Further controversy came on 15 July when an Ecclesiastical Commission was set up, and to which the King's powers as Governor of the Church of England were delegated. This Commission was permitted to deprive the clergy of their roles and soon used this authority to remove Henry Compton from his position as Bishop of London. Compton had fallen afoul of the Commission because he had refused to suspend a London clergyman who had spoken out against Roman Catholicism. When a papal envoy was cordially received in Whitehall, alarm was further spread among English Protestants. It is therefore unsurprising that, throughout 1686, fears grew that James was plotting to impose his own (very much hated) Catholic religious views on the country. Anger would have been further stoked when James began a campaign to appoint sympathetic electors to create a House of Commons that would support his policies.
To further his goals, on 5 April, 1687 the King published a Declaration of Indulgence (also known as the Declaration for Liberty of Conscience), which suspended all religious penal laws. At the same time, James provided partial toleration in Scotland, using his dispensing power to grant relief to Catholics and partial relief to Presbyterians. Coined by the King as a way of curbing intolerance on the basis of religious faith, James's seeming ignorance England’s of long-standing fear of a Catholic insurrection, sponsored by hostile powers such as Catholic France and Spain, in addition to his willingness to use the Royal Prerogative without Parliamentary approval, caused great unease in a country already shaken by his previous actions.
Subsequent efforts did little to abate these concerns. As 1687 progressed, the Lord Lieutenants (the monarch's personal representative in each county) were instructed to call together prominent local people and ask them, if they were to be chosen as Members of Parliament, whether they would approve the repeal of the penal laws, and other questions designed of the same kind. The majority of the Lord Lieutenants refused to advance these questions because they objected so strongly to them. Consequently, in August James dismissed nine of them. Tellingly, surviving answers to the King's questions and documented at the time they were given attest to the unpopularity of the King’s policies. Indeed, there was almost wholesale opposition among the prominent and influential local men who had been canvassed by the Lord Lieutenants.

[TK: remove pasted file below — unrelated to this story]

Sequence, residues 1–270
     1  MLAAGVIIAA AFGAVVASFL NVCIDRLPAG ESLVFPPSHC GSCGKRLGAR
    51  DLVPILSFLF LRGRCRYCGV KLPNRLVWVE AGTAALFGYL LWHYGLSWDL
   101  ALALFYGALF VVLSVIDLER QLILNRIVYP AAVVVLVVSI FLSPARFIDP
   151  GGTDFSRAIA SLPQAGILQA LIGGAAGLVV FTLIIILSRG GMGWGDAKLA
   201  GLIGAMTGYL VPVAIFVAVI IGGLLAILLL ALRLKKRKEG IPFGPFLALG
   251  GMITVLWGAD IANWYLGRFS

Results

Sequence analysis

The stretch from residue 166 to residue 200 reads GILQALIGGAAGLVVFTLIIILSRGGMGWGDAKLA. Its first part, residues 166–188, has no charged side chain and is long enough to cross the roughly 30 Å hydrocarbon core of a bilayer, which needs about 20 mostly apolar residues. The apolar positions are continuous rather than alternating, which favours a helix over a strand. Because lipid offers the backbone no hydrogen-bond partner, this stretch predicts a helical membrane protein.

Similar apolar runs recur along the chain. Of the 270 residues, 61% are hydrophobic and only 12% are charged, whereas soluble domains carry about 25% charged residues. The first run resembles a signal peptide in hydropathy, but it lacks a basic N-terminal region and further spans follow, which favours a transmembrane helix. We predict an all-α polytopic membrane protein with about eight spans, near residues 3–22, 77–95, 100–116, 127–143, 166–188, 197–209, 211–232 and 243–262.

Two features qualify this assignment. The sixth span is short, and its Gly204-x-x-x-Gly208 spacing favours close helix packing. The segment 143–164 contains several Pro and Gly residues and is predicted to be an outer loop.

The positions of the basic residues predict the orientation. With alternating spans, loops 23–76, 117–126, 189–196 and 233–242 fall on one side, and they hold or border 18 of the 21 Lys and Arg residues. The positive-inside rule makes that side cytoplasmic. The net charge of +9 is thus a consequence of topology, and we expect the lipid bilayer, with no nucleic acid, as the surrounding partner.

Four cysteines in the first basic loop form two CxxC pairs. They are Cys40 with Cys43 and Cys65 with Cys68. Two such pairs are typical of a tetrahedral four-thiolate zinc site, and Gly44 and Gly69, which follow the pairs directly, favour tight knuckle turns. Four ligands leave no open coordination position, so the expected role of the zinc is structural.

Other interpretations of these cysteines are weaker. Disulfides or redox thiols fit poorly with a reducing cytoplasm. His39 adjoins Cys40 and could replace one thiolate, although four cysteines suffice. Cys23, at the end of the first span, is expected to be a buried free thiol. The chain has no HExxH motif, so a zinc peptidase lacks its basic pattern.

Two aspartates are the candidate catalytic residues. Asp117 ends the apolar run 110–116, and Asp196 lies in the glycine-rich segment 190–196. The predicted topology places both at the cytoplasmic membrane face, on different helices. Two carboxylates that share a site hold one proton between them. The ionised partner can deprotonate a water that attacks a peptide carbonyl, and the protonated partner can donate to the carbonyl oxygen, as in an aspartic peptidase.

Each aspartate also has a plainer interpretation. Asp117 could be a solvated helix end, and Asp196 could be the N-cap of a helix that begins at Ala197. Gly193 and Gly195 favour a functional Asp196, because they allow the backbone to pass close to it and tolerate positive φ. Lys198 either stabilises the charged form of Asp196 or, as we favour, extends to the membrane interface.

On April 27 1688 James reissued the Declaration of Indulgence. However, by commanding that Anglican clergy to read to their congregations from the pulpit, he had made a grave error. On 18 May the Archbishop of Canterbury and six other bishops refused to read it and petitioned against the King’s order (history books sometimes refer to these men as the Seven Bishops). In this petition, the James was asked to withdraw his demand, citing the argument that the Declaration of Indulgence was illegal. It was claimed that it was based the king’s suspending power—something that went against the will of Parliament
On June 8 the Seven Bishops were arrested and sent to the Tower of London to await trial. Virtually at the same time--in fact, two days later--the Queen (James’s second wife, Mary of Modena) gave birth to a son, James Francis Edward, Prince of Wales. The new heir was baptised a Roman Catholic, causing consternation within much of the nation.